Today I am sharing a recipe for a super simple and delicious Pakistani qeema or keema. In our family, we would call it “naashta wala qeema” which translates into breakfast qeema ; and the reason we called it this was because it was usually made for breakfast and eaten with puri or paratha. We loved it so much that we had it at lunch and dinner as well, but the name stuck – breakfast qeema it was!
What is qeema / keema?
The literal translation of qeema / keema is minced or ground meat, and any dish made with minced meat is also referred to as qeema. In Pakistani and Indian cuisine, qeema is a staple dish and there are many different recipes using it. For instance, aloo qeema (mince with potatoes), matar qeema (mince with peas), fancy dum ka qeema that is reserved for dawaats and this Pakistani qeema recipe with onions.
Any ground meat can be used to make qeema – beef, mutton (goat mince), chicken, lamb or turkey. In Pakistan, the choice of mince is usually beef mince but in India it’s lamb or goat mince (for religious reasons). Chicken mince has gained popularity for health reasons. In Australia, I have started using turkey mince as it’s healthier than beef mince but has more flavour than chicken mince.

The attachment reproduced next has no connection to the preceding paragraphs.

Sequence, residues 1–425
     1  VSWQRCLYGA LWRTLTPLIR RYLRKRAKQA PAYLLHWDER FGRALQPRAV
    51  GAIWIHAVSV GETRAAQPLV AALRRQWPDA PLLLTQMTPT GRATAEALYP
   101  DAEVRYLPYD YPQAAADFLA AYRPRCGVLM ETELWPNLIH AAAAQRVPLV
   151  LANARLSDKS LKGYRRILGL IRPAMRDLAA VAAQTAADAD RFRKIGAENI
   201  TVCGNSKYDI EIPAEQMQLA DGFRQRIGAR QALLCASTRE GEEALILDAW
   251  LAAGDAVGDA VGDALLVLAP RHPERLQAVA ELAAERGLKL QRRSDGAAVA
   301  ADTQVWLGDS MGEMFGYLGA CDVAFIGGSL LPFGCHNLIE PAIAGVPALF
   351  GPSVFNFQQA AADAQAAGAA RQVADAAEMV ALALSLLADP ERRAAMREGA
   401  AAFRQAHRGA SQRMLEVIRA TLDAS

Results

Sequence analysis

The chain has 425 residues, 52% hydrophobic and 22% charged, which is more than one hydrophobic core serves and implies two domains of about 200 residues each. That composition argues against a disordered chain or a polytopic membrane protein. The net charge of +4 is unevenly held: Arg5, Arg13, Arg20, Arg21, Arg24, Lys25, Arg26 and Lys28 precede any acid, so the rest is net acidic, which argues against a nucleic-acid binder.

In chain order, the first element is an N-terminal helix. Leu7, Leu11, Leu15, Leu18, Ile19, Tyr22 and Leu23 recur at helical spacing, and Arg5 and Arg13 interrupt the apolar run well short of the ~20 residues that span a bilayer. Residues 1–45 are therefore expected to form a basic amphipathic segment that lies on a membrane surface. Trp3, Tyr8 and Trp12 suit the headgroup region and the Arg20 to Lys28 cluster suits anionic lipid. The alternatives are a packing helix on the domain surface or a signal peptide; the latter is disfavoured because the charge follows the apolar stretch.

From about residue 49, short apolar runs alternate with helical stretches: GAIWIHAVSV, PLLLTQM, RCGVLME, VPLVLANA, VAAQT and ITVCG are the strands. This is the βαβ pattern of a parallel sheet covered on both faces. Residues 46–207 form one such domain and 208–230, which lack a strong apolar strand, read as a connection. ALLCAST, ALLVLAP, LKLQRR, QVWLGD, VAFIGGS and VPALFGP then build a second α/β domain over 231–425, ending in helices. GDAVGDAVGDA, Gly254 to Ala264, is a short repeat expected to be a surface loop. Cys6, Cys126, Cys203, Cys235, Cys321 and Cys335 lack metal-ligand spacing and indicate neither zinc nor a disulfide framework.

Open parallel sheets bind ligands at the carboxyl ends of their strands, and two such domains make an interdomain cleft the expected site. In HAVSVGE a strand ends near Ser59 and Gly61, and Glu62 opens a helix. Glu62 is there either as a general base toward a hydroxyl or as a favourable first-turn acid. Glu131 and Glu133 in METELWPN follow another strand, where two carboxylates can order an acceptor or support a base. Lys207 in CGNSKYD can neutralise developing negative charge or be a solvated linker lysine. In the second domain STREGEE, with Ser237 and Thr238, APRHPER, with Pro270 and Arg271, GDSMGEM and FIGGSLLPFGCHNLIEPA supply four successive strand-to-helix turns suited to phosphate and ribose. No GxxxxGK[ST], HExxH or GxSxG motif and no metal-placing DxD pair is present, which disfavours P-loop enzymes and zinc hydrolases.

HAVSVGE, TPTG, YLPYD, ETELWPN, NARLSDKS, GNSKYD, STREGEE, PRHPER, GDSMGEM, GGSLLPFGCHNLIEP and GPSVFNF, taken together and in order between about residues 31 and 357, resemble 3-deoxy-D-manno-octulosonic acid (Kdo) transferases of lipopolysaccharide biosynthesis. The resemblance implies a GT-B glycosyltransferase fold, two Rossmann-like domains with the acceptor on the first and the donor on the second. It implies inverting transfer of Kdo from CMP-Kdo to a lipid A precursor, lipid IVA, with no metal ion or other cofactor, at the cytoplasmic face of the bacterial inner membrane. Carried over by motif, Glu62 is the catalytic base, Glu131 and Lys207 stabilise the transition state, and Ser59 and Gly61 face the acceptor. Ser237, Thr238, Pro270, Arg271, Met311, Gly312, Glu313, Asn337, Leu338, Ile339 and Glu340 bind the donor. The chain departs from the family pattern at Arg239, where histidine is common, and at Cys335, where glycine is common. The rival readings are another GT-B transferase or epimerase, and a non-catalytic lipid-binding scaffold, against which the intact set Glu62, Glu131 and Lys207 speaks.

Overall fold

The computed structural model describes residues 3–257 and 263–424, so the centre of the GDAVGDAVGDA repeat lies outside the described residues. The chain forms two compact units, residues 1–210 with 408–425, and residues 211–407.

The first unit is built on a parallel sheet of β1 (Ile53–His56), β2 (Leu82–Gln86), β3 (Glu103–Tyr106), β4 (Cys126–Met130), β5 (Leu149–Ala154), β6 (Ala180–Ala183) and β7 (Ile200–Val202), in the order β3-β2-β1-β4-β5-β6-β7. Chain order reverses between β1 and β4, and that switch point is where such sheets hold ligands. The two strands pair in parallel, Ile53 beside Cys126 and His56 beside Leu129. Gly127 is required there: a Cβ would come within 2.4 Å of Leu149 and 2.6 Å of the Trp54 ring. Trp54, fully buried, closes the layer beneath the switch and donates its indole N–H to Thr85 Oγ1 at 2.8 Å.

Why is qeema so popular in Pakistani & Indian cuisine?
- It’s quick to make – compared to other forms of bone-in or even boneless meat, qeema just quicks really quickly.
- It’s super versatile – it can be served with rice, roti or paratha. Leftovers can be used to make sandwiches, samosas and it can be mixed through pasta for Desi style qeema spaghetti.
- It’s affordable, and it can feed a lot of people in a small quantity. Plus it can be bulked with vegetables like potatoes, capsicum, peas to make it feed more people.
- It can be made with any protein – there’s beef, mutton, lamb, chicken, turkey and even vegetarian mince (or soya mince made from soya granules).
How to make Pakistani qeema / keema?
Compared to other qeema recipes such as aloo qeema, the Pakistani qeema recipe that I am sharing today is on the dry side or as we call it in Urdu ‘sookha qeema’. It’s also why it goes so well with puri and paratha.
- The first step in making this qeema recipe is dividing up the onions. One onion will be sliced and fried till golden brown, and then set aside. The second onion will form the base of the qeema curry.
- Chop and fry the second onion; then add the whole spices followed by ginger, garlic, the raw mince, the powdered spices and the tomatoes. Once the raw meat is added, it’s important to saute / stir fry the meat on high flame so it browns properly, a technique we call “bhunna” in Urdu.
- After the tomatoes are softened, the mince will again be cooked on a high heat till the oil rises to the top of the qeema, and that’s when you know the qeema is done.
- At that stage, the sliced brown onions will be crushed and added on top of the qeema, along with the green chilies and a drizzle of lemon juice. Cover the pot, and put the qeema on low simmer for 5 minutes. This last step will infuse the flavours off the onions and green chilies throughout the qeema making it absolutely scrumptious!